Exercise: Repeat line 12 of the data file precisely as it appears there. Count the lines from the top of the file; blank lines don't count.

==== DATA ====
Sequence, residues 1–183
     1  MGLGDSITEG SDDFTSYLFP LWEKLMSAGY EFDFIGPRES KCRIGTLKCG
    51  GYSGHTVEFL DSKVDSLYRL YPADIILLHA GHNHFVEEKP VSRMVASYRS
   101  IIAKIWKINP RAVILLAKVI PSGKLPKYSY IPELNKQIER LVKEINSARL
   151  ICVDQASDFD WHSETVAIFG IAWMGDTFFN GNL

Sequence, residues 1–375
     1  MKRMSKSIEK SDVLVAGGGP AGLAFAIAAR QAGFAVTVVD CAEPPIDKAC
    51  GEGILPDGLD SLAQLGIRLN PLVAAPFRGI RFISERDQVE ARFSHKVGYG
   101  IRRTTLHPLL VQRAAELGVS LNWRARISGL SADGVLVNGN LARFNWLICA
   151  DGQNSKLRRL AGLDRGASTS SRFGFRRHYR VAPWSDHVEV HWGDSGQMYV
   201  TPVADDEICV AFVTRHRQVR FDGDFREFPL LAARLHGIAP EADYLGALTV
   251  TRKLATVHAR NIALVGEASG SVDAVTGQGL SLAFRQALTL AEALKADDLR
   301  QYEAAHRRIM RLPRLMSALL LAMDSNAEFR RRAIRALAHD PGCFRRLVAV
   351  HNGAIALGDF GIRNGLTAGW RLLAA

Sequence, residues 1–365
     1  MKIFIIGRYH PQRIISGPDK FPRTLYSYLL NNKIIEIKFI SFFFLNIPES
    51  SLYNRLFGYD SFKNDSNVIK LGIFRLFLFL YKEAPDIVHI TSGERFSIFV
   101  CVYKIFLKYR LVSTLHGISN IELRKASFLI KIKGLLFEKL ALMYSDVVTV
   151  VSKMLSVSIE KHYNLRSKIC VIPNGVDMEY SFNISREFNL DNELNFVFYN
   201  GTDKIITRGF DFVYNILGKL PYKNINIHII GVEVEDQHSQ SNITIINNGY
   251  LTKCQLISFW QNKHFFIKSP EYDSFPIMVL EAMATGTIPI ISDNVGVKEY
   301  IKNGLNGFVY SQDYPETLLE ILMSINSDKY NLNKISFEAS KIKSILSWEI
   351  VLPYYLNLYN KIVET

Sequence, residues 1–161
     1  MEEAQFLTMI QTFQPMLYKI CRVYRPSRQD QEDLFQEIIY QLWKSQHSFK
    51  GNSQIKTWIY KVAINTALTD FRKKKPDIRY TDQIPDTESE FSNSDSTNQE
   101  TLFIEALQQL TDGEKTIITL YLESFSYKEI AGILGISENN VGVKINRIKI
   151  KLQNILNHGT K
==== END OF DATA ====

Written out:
   251  TRKLATVHAR NIALVGEASG SVDAVTGQGL SLAFRQALTL AEALKADDLR